Waste Not, Want Not (Part 1): Waste as a Source of Renewable Energy — DiamondSci Skip to content
Waste Not, Want Not (Part 1): Waste as a Source of Renewable Energy

Waste Not, Want Not (Part 1): Waste as a Source of Renewable Energy

Waste as a Source of Renewable Energy

We are constantly reminded that we need to live sustainably. To minimize our carbon footprint, we need to save water, save electricity, and when it comes to waste, we are repeatedly told to reduce, reuse, and recycle. The reason for this mantra is that the human population is rapidly reaching a point where it is exceeding the carrying capacity of the Earth. Like all animals, humans require certain elements to sustain us: food, water, and shelter, are the basics. But in the modern age, first world human populations have evolved to depend heavily on electricity for cooking, heating, and to power an array of techno gadgets – necessary for work, play, and everything in-between.

First world countries are characterized by citizens who have also developed into a society that conveniently buys food, drinks, toiletries, toys – and all the other products they require – off the shelf, in nicely packaged and securely wrapped cartons or containers. Gone are the days when handmade clothing, jewelry, and toys, free of packaging and other branding/marketing frills, were purchased. The same goes for food. Very few of us buy freshly picked veggies direct from the farmer. Instead, we buy our food neatly packaged and heavily branded, and we pay dearly for this. In fact, we are so far removed from nature, that when we refer to the 'food chain', we are not referring to the chain of organisms that sustain animals on the next level of the food pyramid – with us being somewhere near the top; we now regard the food chain as the large retail chain of food stores where we purchase our groceries, burgers, or other food products to sustain our hunger. When we've had our fill, we simply toss the remaining food, plus the packaging it came in, into the bin, where it will eventually be collected and taken to a landfill site.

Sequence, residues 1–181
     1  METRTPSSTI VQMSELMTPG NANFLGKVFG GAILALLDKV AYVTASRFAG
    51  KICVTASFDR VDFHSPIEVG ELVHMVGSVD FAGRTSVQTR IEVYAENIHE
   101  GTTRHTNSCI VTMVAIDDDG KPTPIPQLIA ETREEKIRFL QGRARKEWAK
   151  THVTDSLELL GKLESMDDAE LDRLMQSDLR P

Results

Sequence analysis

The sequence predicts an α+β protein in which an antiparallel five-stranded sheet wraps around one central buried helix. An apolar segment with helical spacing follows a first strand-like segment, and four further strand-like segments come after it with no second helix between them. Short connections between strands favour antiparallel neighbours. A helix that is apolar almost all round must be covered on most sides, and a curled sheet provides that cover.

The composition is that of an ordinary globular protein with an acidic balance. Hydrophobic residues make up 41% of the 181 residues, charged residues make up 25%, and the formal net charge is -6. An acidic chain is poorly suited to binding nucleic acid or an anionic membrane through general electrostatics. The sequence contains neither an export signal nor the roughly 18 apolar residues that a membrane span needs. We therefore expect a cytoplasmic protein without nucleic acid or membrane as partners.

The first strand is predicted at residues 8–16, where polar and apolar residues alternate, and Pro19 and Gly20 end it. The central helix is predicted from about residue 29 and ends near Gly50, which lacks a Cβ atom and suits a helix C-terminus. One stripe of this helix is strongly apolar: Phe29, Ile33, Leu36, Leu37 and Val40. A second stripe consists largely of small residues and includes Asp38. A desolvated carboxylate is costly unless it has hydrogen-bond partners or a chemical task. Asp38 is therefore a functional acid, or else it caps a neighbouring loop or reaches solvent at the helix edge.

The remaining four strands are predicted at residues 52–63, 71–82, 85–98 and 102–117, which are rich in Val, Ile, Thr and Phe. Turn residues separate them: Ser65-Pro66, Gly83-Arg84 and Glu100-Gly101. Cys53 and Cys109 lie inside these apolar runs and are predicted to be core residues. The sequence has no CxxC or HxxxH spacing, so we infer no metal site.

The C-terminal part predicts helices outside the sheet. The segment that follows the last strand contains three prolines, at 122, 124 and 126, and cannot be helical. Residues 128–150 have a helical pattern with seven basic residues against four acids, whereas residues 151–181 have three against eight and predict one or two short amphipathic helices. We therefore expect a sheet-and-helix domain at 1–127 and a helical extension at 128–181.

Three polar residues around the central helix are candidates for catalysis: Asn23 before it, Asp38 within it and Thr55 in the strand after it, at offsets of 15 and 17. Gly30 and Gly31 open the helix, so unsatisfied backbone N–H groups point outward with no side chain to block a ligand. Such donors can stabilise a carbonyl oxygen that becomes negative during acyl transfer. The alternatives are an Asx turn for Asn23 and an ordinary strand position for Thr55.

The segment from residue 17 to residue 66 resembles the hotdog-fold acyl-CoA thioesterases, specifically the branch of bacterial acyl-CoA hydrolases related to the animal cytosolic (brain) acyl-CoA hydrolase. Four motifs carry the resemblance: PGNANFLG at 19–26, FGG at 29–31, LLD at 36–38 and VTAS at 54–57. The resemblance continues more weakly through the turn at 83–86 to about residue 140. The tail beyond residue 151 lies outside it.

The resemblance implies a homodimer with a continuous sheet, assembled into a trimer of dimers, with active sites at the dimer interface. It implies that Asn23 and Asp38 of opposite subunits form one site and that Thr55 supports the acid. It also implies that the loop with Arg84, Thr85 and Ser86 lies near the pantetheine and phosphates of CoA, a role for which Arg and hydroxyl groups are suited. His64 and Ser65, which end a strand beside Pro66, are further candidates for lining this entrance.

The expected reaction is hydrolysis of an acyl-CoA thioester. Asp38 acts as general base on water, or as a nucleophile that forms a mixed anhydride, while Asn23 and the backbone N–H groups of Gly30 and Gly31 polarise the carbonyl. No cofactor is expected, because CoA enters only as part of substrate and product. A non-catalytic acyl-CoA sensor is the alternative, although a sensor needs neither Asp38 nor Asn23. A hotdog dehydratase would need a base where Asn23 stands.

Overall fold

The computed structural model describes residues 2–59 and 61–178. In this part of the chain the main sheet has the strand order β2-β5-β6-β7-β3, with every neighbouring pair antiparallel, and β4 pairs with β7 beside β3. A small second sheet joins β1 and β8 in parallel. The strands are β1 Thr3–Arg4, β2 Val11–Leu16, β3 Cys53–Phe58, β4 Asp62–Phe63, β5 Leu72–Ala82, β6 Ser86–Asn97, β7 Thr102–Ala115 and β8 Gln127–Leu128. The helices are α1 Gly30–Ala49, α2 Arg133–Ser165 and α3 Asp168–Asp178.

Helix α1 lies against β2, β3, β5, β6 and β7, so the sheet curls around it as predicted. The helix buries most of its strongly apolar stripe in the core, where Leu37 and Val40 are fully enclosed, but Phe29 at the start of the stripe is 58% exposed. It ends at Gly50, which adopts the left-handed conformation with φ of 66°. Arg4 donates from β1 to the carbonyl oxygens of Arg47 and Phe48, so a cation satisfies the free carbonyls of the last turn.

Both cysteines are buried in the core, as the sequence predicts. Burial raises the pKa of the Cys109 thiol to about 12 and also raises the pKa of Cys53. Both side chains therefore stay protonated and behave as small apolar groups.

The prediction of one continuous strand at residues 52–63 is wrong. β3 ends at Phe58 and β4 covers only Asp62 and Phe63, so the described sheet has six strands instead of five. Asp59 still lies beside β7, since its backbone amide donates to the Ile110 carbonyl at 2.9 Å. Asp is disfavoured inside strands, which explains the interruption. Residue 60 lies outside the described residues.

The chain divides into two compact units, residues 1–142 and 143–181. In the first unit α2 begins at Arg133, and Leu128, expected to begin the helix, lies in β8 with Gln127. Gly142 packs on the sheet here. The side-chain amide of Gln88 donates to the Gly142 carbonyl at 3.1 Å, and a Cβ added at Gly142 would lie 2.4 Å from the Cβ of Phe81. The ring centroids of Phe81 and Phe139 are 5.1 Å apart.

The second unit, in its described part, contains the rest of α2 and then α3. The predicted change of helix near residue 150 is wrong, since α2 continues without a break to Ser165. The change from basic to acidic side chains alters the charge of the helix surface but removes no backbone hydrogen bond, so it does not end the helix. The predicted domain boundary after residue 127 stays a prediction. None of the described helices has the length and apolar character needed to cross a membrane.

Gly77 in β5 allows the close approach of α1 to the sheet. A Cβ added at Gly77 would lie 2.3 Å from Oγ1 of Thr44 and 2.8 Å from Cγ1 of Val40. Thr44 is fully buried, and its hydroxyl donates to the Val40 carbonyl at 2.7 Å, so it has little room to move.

When our waste enters the landfill, recyclable materials such as glass, metal, and paper, may be sorted and recycled; with the waste that is unfit for recycling, remaining on the landfill, where it will accumulate over time. Organic waste products (food, animal waste, plant and animal matter) will eventually decompose. When organic matter decomposes in anaerobic conditions (when no oxygen is present) it releases methane gas. This occurs naturally where plant and animal matter decomposes in oxygen-free environments in nature (for example, in mud at the bottom of swamps, wetlands and dams; or in permafrost and ocean methane hydrates). Methane gas is a double-edged sword; it is a powerful greenhouse gas – twenty times more potent than carbon dioxide – that can contribute heavily to global warming. It is also highly flammable, and a valuable source of energy. As the organic waste on landfill sites lies and rots under mounds of other waste, it gives off methane, which not only contributes to global warming, but due to its flammable nature, makes it a safety risk, as explosions can easily occur. To ensure safety and prevent accidents it it imperative that methane levels and emissions are monitored regularly. Yet, the flammable nature of landfill gas essentially renders waste as a source of renewable energy, which if harnessed, can actually be a boon rather than a bane.

This is part 1 of a 2 part series on landfill gas. Read Waste Not Want Not (Part 2): Harnessing Landfill Gas

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